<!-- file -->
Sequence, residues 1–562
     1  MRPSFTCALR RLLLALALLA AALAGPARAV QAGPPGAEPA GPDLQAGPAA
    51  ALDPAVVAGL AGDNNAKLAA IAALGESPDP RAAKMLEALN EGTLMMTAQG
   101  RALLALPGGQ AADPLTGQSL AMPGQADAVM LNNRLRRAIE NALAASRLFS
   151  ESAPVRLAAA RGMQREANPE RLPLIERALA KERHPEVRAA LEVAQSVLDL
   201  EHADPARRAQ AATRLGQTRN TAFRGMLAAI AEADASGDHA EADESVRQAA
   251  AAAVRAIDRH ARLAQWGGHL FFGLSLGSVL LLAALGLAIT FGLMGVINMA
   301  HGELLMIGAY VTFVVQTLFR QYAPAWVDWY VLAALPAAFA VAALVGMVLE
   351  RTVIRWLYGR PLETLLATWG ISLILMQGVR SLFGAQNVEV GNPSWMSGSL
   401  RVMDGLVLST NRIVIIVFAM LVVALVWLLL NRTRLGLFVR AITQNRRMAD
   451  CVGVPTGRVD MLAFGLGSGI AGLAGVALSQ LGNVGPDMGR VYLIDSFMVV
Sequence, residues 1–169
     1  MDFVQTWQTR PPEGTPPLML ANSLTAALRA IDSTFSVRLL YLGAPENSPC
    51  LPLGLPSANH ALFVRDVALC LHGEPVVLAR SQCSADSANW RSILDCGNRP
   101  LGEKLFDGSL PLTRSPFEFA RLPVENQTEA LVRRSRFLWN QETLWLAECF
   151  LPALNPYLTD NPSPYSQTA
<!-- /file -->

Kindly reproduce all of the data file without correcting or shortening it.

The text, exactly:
Sequence, residues 1–562
     1  MRPSFTCALR RLLLALALLA AALAGPARAV QAGPPGAEPA GPDLQAGPAA
    51  ALDPAVVAGL AGDNNAKLAA IAALGESPDP RAAKMLEALN EGTLMMTAQG
   101  RALLALPGGQ AADPLTGQSL AMPGQADAVM LNNRLRRAIE NALAASRLFS
   151  ESAPVRLAAA RGMQREANPE RLPLIERALA KERHPEVRAA LEVAQSVLDL
   201  EHADPARRAQ AATRLGQTRN TAFRGMLAAI AEADASGDHA EADESVRQAA
   251  AAAVRAIDRH ARLAQWGGHL FFGLSLGSVL LLAALGLAIT FGLMGVINMA
   301  HGELLMIGAY VTFVVQTLFR QYAPAWVDWY VLAALPAAFA VAALVGMVLE
   351  RTVIRWLYGR PLETLLATWG ISLILMQGVR SLFGAQNVEV GNPSWMSGSL
   401  RVMDGLVLST NRIVIIVFAM LVVALVWLLL NRTRLGLFVR AITQNRRMAD
   451  CVGVPTGRVD MLAFGLGSGI AGLAGVALSQ LGNVGPDMGR VYLIDSFMVV
Sequence, residues 1–169
     1  MDFVQTWQTR PPEGTPPLML ANSLTAALRA IDSTFSVRLL YLGAPENSPC
    51  LPLGLPSANH ALFVRDVALC LHGEPVVLAR SQCSADSANW RSILDCGNRP
   101  LGEKLFDGSL PLTRSPFEFA RLPVENQTEA LVRRSRFLWN QETLWLAECF
   151  LPALNPYLTD NPSPYSQTA